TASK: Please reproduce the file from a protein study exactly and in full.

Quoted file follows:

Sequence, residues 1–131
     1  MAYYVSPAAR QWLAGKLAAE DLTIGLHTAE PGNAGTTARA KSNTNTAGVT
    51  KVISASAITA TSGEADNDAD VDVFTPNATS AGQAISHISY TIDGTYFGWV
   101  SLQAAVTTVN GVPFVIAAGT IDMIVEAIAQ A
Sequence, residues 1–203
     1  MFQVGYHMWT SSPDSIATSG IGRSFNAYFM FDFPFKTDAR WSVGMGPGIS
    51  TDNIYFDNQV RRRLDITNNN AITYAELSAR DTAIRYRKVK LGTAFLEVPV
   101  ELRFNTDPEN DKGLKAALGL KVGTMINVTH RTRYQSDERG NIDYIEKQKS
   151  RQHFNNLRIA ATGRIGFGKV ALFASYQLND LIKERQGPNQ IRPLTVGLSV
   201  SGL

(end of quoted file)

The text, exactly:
Sequence, residues 1–131
     1  MAYYVSPAAR QWLAGKLAAE DLTIGLHTAE PGNAGTTARA KSNTNTAGVT
    51  KVISASAITA TSGEADNDAD VDVFTPNATS AGQAISHISY TIDGTYFGWV
   101  SLQAAVTTVN GVPFVIAAGT IDMIVEAIAQ A
Sequence, residues 1–203
     1  MFQVGYHMWT SSPDSIATSG IGRSFNAYFM FDFPFKTDAR WSVGMGPGIS
    51  TDNIYFDNQV RRRLDITNNN AITYAELSAR DTAIRYRKVK LGTAFLEVPV
   101  ELRFNTDPEN DKGLKAALGL KVGTMINVTH RTRYQSDERG NIDYIEKQKS
   151  RQHFNNLRIA ATGRIGFGKV ALFASYQLND LIKERQGPNQ IRPLTVGLSV
   201  SGL